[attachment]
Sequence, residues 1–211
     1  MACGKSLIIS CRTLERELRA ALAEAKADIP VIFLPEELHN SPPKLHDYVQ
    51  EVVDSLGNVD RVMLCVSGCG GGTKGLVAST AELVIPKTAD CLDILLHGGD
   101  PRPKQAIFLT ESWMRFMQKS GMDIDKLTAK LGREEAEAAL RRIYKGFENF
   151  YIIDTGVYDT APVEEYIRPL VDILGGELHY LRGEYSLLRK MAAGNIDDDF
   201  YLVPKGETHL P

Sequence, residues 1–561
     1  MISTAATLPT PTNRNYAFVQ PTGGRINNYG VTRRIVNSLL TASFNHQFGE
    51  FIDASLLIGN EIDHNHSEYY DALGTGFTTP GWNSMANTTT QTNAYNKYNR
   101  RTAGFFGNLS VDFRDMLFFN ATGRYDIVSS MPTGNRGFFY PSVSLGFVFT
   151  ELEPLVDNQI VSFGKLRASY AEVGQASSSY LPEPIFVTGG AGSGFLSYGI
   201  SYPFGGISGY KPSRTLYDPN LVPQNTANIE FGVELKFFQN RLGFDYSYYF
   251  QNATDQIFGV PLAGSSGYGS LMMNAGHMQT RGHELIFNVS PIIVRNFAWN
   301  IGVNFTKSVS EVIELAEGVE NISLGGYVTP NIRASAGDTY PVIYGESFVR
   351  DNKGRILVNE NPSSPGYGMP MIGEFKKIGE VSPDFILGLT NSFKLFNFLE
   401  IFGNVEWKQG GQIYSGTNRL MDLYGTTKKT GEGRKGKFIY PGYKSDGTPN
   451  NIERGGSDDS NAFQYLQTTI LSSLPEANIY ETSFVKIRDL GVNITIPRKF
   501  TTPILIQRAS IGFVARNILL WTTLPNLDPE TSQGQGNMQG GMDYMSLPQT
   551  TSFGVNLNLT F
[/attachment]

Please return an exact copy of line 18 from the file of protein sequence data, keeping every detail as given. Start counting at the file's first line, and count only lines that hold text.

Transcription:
   501  TTPILIQRAS IGFVARNILL WTTLPNLDPE TSQGQGNMQG GMDYMSLPQT